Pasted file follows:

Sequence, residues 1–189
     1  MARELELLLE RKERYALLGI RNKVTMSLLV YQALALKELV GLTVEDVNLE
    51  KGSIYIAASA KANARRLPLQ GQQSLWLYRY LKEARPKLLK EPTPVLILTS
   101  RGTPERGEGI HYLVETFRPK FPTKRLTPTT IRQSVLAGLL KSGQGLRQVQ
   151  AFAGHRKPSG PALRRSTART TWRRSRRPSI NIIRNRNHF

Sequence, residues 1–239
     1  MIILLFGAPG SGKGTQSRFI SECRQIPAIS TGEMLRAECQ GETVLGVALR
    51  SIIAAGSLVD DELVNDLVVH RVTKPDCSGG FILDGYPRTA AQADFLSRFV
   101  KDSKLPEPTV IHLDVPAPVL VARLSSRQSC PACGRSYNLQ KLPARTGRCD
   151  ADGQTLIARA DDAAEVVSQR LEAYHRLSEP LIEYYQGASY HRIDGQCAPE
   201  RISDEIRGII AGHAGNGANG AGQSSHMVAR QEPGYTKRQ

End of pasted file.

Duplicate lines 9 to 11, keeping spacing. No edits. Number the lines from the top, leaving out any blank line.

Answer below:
   101  KDSKLPEPTV IHLDVPAPVL VARLSSRQSC PACGRSYNLQ KLPARTGRCD
   151  ADGQTLIARA DDAAEVVSQR LEAYHRLSEP LIEYYQGASY HRIDGQCAPE
   201  RISDEIRGII AGHAGNGANG AGQSSHMVAR QEPGYTKRQ